• "Temples of the Middle and Late Bronze Ages and the Iron Age", in Kempinski, A. & Reich, R. (eds), The Architecture of Ancient Israel from the Prehistoric to the Persian Periods – in Memory of Immanual (Munya) Dunayevsky, Jerusalem: IES, (1992), pp. 161–187.
  • "The Excavations at Tel Beth-Shean in 1989–1990", in Biran, A. & Aviram, J. (eds), Biblical Archaeology Today, 1990 – Proceedings of the Second International Congress on Biblical Archaeology, Jerusalem, 1990, Jerusalem: IES, (1993), pp. 606–619.
  • "Beth Shean in the Iron Age: Preliminary Report and Conclusions of the 1990–1991 Excavations", IEJ 43.4 (1993), pp. 201–229.
  • "Four Thousand Years of History at Tel Beth-Shean", Qadmoniot 27.3-4 (1994), pp. 66–83 (in Hebrew).
  • "Four Thousand Years of History at Tel Beth-Shean – An Account of the Renewed Excavations", BA 60.2 (1997), pp. 62–76.
  • "The Excavations at Tel Beth Shean during the Years 1989-94", in Silberman, N.A. & Small, D. (eds), The Archaeology of Israel – Constructing the Past, Interpreting the Present, [JSOT Supplement Series 237], Sheffield: Sheffield Academic Press, (1997), pp. 144–164.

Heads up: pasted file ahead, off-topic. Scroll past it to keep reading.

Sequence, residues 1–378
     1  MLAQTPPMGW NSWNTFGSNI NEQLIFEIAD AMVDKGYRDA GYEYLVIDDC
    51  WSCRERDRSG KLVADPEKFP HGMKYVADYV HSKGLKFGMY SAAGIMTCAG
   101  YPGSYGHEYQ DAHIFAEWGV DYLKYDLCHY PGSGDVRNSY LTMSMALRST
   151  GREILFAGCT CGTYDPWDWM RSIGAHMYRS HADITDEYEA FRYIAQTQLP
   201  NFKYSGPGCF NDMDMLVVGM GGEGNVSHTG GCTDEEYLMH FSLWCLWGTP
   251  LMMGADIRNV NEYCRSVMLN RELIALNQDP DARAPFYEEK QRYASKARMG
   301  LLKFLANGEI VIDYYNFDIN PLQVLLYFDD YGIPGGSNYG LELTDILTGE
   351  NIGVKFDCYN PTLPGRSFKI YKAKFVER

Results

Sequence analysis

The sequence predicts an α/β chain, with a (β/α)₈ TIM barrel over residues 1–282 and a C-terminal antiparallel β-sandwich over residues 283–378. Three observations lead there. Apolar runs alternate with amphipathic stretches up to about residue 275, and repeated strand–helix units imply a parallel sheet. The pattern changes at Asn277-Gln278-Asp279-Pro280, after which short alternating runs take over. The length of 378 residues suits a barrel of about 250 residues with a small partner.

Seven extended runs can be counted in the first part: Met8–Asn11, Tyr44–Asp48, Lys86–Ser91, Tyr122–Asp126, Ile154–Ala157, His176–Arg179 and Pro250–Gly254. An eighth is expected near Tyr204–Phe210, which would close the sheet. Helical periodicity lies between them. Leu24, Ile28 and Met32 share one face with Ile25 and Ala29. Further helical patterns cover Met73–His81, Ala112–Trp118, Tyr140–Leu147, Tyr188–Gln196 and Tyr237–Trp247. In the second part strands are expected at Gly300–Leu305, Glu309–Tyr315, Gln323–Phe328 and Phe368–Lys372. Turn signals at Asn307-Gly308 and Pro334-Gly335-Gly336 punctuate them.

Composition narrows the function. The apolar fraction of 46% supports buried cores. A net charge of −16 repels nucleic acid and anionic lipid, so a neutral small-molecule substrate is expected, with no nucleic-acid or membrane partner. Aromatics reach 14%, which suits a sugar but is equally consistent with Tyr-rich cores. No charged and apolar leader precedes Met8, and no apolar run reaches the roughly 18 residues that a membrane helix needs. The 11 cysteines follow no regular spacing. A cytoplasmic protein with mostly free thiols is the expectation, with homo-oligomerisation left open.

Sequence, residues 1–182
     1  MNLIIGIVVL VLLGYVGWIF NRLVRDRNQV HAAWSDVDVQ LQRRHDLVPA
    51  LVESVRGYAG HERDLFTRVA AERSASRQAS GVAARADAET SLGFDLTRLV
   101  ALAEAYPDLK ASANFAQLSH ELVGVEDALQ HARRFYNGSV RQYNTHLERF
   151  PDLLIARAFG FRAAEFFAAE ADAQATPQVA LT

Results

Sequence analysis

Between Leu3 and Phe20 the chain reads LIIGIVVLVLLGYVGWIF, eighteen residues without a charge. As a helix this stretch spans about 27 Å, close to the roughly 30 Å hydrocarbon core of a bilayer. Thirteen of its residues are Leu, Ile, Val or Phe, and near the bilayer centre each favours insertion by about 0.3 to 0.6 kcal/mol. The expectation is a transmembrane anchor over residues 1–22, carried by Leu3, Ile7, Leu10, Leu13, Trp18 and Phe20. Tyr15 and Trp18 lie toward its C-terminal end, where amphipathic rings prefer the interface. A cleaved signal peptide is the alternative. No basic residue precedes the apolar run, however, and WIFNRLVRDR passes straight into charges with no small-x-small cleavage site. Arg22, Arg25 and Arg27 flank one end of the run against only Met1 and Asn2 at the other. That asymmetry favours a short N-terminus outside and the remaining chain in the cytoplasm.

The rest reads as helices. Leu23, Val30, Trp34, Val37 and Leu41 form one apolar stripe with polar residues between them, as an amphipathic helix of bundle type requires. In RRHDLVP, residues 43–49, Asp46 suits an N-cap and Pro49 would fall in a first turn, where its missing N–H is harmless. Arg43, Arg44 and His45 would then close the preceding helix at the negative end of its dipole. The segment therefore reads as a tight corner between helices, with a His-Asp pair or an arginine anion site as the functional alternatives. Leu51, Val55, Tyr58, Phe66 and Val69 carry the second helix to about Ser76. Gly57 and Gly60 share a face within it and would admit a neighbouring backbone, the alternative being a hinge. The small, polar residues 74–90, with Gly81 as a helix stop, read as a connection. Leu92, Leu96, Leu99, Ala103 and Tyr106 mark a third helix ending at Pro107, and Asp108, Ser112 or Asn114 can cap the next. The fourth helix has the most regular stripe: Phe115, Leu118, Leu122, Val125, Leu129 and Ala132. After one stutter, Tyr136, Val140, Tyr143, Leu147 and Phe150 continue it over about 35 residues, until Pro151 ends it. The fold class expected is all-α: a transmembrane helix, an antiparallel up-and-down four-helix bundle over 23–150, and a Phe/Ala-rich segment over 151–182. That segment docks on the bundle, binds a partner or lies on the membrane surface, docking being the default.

• “Iron Age Chronology: A Reply to I. Finkelstein” Levant (1997), pp. 157-167
  • "The 1997-1998 Excavations at Tel Rehov: Preliminary Report" Israel Exploration Journal (1999), pp. 1-42
  • “The Debate over the Chronology of the Iron Age in the Southern Levant” in (eds. Levy & Higman) The Bible and Radiocarbon Dating: Archaeology, Text, and Science (2005), pp. 15-30.
  • (with Christopher Bronk Ramsay) "14C Dates and the Iron Age Chronology of Israel: A Response", Radiocarbon (2008), pp. 159-180
  • (with Christopher Bronk Ramsay) "A Response to Finkelstein and Piasetzky's Criticism and 'New Perspective'", Radiocarbon (2010), pp. 1681-1688
  • “Archaeology and the Biblical Narrative: The Case of the United Monarchy” in (eds. Kratz & Spieckermann) One God - One Cult - One Nation: Archaeological and Biblical Perspectives (2010), pp. 29-58
  • “The Iron Age Chronology Debate: Is the Gap Narrowing? Another Viewpoint” Near Eastern Archaeology (2011), pp. 105-111
  • (with Sharen Lee & Christopher Bronk Ramsay) "Iron Age Chronology in Israel: Results from Modelling with a Trapezoidal Bayesian Framework", Radiocarbon (2013), pp. 731-740
  • “Archaeology and the Bible: Reflections on Historical Memory in the Deuteronomistic History” in (ed. Maier) Congress Volume Munich 2013 (2014), pp. 347-369.

External links[edit]

See also[edit]

References[edit]

  1. ^ Dever, William G. "Archaeology, Ideology, and the Quest for an 'Ancient' or 'Biblical' Israel", Near Eastern Archaeology (1998), pg. 42
  2. ^ Lester Grabbe, Ancient Israel, pg. 84
  3. ^ Friedman, Matti (2007-09-05). "Archaeologists Discover Ancient Beehives". The Washington Post. ISSN 0190-8286. Retrieved 2016-04-13.
  4. ^ "קורות חיים" [CV]. cms.education.gov.il (in Hebrew). Retrieved 2016-04-13.
  5. ^ "נימוקי השופטים" [The Judges]. cms.education.gov.il (in Hebrew). Retrieved 2016-04-13.